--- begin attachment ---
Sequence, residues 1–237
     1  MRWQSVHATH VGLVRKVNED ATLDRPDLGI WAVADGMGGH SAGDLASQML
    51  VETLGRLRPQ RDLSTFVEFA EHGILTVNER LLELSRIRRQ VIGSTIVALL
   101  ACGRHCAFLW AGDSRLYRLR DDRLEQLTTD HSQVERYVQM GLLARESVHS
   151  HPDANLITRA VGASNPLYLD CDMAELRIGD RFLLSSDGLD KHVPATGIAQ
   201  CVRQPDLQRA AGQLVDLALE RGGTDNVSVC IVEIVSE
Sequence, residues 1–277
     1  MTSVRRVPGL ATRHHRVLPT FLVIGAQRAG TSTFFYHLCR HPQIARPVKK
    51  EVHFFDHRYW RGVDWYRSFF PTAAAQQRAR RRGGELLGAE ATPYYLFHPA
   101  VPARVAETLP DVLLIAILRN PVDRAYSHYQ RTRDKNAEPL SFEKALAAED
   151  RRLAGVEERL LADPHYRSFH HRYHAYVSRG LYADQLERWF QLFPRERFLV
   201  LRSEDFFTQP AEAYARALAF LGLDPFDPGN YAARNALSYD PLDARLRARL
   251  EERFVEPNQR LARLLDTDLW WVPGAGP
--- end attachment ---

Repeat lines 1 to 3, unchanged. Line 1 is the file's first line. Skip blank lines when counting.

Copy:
Sequence, residues 1–237
     1  MRWQSVHATH VGLVRKVNED ATLDRPDLGI WAVADGMGGH SAGDLASQML
    51  VETLGRLRPQ RDLSTFVEFA EHGILTVNER LLELSRIRRQ VIGSTIVALL